In this post, we will review and compare the different approaches available for comparing two or more JMeter load tests. This is a task we are frequently asked, and the answer often depends ultimately on the requirements of your project. Some of these methods may be used to generate one-off comparisons, while others comprise a system of data collection for comparing many tests over extended runs. We will briefly explain the premise for each of these load test comparison metrics. If you are interested in learning how to use these methods with your RedLine13 tests, please find links for each of these methods below which have been documented with tutorials on our blog.
Using a spreadsheet application to analyze JMeter test data is a simple yet powerful method to compare metrics not only within the same test, but also between multiple tests. JMeter saves test results to JTL files, which follow the CSV file format. It is possible to simply rename a
JTL file to a
CSV file and it can be opened in any spreadsheet application (e.g., Microsoft Excel). We wrote about how to analyze and compare your load tests using
CSV files in a previous post. A key benefit is that it lends well to one-off analysis cases as it does not require much in terms of infrastructure to set up. In addition, graphs and other visualizations can be easily created from spreadsheet analyses. Here is one example of a graph which was generated directly from a series of
JTL files from high-throughput JMeter tests:
For more advanced analysis, data from tests can be streamed into a database which can later be queried to synthesize reports. These include tools such as InfluxDB, Grafana, Dynatrace, and others. One of the ways that you can achieve this with RedLine13 is our built-in InfluxDB plugin. This approach extracts and saves real-time test metrics to an InfluxDB time series database:
Another method is to leverage Dynatrace as we have also discussed in a previous article. While operating on a similar premise, Dynatrace integrates into your JMeter script more explicitly. There are several ways in which this can be accomplished, and in the example we covered on our blog we opted to use embedded HTTP request headers. Depending on your particular requirements, you may find this fine-grained level of data analysis useful.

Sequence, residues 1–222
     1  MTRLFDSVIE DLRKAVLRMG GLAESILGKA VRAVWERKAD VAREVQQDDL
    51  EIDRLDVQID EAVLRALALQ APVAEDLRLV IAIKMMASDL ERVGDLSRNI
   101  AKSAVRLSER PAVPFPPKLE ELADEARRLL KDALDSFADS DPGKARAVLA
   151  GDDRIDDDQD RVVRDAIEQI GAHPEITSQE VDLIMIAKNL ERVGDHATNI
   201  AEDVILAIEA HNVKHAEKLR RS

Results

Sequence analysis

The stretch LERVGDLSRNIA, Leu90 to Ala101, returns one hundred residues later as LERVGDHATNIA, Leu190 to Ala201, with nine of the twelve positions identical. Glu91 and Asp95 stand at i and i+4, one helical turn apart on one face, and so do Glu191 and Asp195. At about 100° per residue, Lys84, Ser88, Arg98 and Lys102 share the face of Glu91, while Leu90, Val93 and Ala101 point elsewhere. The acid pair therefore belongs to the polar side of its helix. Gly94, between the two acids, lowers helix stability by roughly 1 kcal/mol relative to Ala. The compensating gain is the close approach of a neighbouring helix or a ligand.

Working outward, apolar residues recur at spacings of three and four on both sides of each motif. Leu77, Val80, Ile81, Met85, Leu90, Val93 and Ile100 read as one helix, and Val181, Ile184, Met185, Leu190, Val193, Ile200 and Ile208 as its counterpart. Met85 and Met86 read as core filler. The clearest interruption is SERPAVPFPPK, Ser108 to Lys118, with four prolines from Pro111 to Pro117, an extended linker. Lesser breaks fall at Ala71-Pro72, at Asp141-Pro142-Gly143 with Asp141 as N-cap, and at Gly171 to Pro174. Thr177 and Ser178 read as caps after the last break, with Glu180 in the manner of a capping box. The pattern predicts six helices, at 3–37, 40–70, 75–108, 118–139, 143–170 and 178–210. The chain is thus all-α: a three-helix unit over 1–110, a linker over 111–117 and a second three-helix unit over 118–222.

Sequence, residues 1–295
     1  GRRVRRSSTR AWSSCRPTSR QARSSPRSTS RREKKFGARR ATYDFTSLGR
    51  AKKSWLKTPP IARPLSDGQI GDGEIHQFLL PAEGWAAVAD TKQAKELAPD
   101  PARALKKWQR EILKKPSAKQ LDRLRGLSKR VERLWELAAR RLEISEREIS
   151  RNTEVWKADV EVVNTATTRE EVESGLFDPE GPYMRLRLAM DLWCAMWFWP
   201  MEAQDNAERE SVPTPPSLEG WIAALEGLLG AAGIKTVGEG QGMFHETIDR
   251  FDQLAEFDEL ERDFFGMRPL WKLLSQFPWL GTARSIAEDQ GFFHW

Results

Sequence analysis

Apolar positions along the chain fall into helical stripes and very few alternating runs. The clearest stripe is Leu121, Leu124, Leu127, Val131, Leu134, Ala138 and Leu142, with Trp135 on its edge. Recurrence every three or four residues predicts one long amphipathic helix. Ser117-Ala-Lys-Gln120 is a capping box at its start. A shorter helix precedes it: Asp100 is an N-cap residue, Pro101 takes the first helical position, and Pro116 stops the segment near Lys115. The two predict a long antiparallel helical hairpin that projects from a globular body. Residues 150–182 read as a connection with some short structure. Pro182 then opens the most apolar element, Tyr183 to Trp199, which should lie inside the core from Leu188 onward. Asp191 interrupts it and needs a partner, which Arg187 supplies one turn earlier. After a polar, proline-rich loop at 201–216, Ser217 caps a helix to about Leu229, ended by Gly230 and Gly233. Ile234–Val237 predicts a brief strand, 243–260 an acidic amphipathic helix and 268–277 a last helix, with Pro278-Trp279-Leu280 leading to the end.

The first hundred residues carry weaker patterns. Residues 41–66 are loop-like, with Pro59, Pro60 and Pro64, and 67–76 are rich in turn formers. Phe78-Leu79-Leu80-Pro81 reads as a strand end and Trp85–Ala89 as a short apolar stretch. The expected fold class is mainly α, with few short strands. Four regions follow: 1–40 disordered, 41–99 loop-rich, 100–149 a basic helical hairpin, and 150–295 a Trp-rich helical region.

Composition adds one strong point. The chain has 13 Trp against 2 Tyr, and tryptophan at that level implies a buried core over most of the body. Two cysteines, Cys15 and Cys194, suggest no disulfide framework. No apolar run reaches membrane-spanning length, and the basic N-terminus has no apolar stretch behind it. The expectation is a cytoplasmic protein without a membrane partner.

There is built-in functionality within JMeter which allows two tests to be compared after execution. This approach can leverage the JMeter Dashboard Report in that it can perform comparisons on two or more JMeter tests using. It has the advantage of using all the familiar ways to compare tests as ordinarily reported on for single tests. In addition to this, it can also normalize timestamps such that two test runs from different times can be directly overlaid onto the same graph.
There are at least three use cases for ChatGPT when it comes to analyzing load test data. One is to automate tedious or repetitive processes. Another is to perform one-off or generalized analyses, such as when the model is given data points and asked a question. A third and arguably more robust use case is tasking the model to create reusable scripted components for creating reports and graphs. In a recent blog post, we walked through each of these use cases in that particular order. We arrived at the conclusion that ChatGPT (as our AI model of choice) demonstrated its adeptness at creating analysis scripts in seconds that were reusable across many tests.
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